Chondroitinase gene therapy improves upper limb function following cervical contusion injury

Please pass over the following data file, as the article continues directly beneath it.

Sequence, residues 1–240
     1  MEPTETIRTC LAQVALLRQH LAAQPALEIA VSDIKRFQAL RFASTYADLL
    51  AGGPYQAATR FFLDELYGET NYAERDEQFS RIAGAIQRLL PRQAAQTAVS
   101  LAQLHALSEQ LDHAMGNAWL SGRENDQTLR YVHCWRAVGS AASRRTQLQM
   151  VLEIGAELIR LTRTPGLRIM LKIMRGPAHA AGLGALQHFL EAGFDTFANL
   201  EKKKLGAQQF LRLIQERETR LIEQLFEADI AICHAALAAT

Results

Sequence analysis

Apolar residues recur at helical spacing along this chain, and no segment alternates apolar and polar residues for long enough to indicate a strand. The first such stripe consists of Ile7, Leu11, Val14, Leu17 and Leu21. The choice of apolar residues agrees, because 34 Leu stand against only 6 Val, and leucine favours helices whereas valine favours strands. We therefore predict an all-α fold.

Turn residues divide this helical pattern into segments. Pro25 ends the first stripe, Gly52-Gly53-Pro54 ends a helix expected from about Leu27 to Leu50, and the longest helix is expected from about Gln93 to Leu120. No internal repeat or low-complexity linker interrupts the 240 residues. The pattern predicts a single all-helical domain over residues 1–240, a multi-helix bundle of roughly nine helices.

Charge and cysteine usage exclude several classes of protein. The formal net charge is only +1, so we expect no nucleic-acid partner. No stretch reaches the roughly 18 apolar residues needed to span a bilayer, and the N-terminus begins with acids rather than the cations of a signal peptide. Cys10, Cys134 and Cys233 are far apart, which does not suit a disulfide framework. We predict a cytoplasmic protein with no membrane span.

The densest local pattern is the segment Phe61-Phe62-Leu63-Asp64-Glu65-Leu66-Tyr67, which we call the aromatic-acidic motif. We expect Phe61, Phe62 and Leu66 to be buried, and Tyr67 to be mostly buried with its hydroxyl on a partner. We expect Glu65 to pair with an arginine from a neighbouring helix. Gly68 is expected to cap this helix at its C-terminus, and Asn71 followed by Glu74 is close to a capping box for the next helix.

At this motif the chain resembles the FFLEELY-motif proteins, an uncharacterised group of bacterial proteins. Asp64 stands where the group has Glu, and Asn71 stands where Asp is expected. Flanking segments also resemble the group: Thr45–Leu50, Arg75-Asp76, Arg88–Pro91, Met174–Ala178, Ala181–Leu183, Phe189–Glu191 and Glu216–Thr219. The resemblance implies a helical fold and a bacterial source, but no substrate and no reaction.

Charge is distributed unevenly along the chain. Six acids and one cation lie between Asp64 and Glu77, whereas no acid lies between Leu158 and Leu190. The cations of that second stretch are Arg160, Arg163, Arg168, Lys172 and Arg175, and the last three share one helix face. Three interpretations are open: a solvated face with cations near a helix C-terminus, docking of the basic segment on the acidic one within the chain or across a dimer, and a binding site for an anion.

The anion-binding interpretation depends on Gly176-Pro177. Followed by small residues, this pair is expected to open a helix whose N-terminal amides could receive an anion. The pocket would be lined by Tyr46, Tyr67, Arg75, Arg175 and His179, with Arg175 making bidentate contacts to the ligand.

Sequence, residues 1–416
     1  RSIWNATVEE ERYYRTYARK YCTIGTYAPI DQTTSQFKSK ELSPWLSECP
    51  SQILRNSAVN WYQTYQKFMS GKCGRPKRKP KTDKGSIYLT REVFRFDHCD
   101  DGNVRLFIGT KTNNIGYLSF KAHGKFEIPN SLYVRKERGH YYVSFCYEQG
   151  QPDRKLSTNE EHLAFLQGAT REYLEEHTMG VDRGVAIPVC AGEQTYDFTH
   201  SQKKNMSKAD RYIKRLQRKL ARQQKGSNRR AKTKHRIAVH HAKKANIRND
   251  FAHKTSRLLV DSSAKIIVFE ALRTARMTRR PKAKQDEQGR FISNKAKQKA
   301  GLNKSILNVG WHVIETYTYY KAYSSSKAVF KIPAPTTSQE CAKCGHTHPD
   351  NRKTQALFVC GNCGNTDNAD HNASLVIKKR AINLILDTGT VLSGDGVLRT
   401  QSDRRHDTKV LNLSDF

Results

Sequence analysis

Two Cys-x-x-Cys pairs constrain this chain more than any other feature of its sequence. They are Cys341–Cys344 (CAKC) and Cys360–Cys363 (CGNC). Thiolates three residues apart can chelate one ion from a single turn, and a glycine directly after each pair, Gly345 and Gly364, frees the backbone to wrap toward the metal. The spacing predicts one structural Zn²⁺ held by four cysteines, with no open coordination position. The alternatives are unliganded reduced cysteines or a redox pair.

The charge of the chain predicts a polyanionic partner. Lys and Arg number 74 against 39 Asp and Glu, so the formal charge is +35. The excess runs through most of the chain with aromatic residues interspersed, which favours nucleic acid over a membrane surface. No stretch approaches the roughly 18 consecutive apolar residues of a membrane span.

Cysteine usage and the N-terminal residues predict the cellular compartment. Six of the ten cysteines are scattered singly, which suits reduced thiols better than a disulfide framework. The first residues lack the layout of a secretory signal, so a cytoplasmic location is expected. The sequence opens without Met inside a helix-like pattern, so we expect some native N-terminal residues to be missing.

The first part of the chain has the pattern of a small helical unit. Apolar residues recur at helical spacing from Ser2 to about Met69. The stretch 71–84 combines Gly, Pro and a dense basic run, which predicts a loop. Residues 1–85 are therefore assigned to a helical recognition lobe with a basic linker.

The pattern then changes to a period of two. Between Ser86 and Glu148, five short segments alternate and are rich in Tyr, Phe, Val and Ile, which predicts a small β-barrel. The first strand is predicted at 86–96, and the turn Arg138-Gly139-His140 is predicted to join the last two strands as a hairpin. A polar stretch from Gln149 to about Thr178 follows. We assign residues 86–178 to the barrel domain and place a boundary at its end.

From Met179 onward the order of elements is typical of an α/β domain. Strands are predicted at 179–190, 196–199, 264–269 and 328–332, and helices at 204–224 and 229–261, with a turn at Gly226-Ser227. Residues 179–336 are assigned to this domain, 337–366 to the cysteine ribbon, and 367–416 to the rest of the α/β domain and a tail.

Chondroitin sulphate proteoglycans (CSPGs) are known to be important contributors to the intensely inhibitory environment that prevents tissue repair and regeneration following spinal cord injury. The bacterial enzyme chondroitinase ABC (ChABC) degrades these inhibitory molecules and has repeatedly been shown to promote functional recovery in a number of spinal cord injury models. However, when used to treat more traumatic and clinically relevant spinal contusion injuries, findings with the ChABC enzyme have been inconsistent. We recently demonstrated that delivery of mammalian-compatible ChABC via gene therapy led to sustained and widespread digestion of CSPGs, resulting in significant functional repair of a moderate thoracic contusion injury in adult rats. Here we demonstrate that chondroitinase gene therapy significantly enhances upper limb function following cervical contusion injury, with improved forelimb ladder performance and grip strength as well as increased spinal conduction through the injury site and reduced lesion pathology. This is an important addition to our previous findings as improving upper limb function is a top priority for spinal injured patients. Additionally great importance is placed on replication in the spinal cord injury field. That chondroitinase gene therapy has now been shown to be efficacious in contusion models at either thoracic or cervical level is an important step in the further development of this promising therapeutic strategy towards the clinic. (C) 2015 The Authors. Published by Elsevier Inc.